Clio’s Final Goodbye

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Clio’s Final Goodbye

Alice Knowlton, Writer

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Once upon a time, there was a salt molecule. One baby NaCl in a world of blandness. This salt molecule would go on to conquer the world and bring about an age of properly preserved foods and taste metaphors for states of mind. I was not this salt molecule. But I respect it. No, I started out one mere salty freshman, who, through an inexplicable lack of friends and an even less explicable abundance of free time, took to bemoaning and satirizing at length and with brilliance the trials of high school life. Anyone who’s been reading since the beginning might shed a tear at the thought of my evolution over these few years— though most of you probably only pick up an installment here and there out of boredom, or because of that one time when I went off on the field house. I’ve been sour, sweet, bitter, and as (un)savory as reasonable censorship will allow, so I guess it’s time for me to be a little sweet. While I cannot pretend that high school has been a cakewalk, or even a stale wheat bread walk (after all, I’m not on the Disney channel), I must admit that enduring such a moody, uncomfortable, stressful, and ego-crushing odyssey has made me into the brilliant, confident woman I am today.

My soliloquies nearly always have a point, however deeply it may be buried, and today my point is this: you can complain all you want about homework, and turkeys, and siblings, and houses with fields in them, but ultimately things will get better and then you’ll have to get more creative with your grievances. I can no longer complain about not having friends, or about embarrassing myself in front of my hot neighbor (though I can complain that he moved to Springfield), or even about college, though that might change once the papers start piling up. All of these improvements to my life have left me rather panicked. Where’s the negativity to which I once clung? If I’ve gone soft, what’s left to keep my enemies from coming after me? I know that I have to do something, and thus, here is a list of a few ways in which my life still manages to suck from time to time.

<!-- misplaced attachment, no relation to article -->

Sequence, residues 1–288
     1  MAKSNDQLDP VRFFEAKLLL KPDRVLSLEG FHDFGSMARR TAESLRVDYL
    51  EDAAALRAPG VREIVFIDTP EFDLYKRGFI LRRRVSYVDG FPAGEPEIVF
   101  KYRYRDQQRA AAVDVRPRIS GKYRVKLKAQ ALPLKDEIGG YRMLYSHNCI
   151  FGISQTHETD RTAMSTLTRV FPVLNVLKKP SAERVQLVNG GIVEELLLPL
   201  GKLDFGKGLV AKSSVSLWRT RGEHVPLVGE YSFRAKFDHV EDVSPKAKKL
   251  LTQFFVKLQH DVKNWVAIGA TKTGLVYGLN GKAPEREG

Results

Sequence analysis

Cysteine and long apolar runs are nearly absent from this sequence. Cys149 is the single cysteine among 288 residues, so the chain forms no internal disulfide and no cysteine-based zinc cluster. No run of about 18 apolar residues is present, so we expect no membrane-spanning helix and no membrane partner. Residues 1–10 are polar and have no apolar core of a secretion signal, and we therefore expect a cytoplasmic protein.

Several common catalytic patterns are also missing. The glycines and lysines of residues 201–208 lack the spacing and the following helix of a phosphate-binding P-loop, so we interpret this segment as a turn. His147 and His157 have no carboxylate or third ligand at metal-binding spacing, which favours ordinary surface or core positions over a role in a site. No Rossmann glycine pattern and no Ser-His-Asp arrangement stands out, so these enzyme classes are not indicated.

1. Turkeys. Are they extinct yet? Nope.
  2. There’s an old haunted Spike the Bulldog costume in the track and field office (not that I’d know) and I swear that thing lays a curse on any unfortunate soul that stares too long into its fraying felt eyes.
  3. What the heck kind of weather is this? Where are we, Atlantis? If I wanted to be soaked in cold rain every day I’d have accepted that vampire hunting gig in Washington State.
  4. Somewhere on this earth lives the person who dreamt up “Detective Pikachu,” and they are now most likely too wealthy to be brought to justice for their crimes.
  5. I’m graduating in less than a month, and little as I thought I would, I enjoyed my time at Bancroft, and little as I want to, I know I’ll miss it.
  6. Rick Devens didn’t win Survivor.
  7. The bagpiper cometh and there is no escape.

Ah, I feel better now, knowing that the world is still plenty bleak for those who seek to find it thus. What does anyone ultimately look for in their lives, but something they can count on? I’ve been on a journey of pessimism and wit ever since my clumsy debut four-odd years ago, and now that I find myself at the end, it’s difficult to know what I can say to sum it up in glory and majesty which befits its scope and grandeur. Let me state that to be miserable before an appreciative audience has been one of my high school career’s greatest joys, and as I’ll soon be vanishing into the mist like Mufasa, I’m not even embarrassed to say so publicly. But that’s enough of that. I’d hardly be taking the advice of the Mulan end credits song and being “true to my heart” if I didn’t also take this opportunity to say SO LONG, SUCKERS!!! I’m really leaving now, and I won’t be coming back, but you can always find me if you simply can’t manage alone. Look under the “Entertainment” tab. Or you could always write to me, care of my agent, but his filing system involves alligators and Cafe du Monde’s recipe for beignets so I can’t promise that your love letters will make their way to me. That may be best, though. Ultimately, no one is ever as sad to say goodbye to the past as they feel they ought to be because once the human mind crosses a threshold, it’s already preparing itself for the predators, pitfalls, and promises of the next room. I’ll see you in there, folks.

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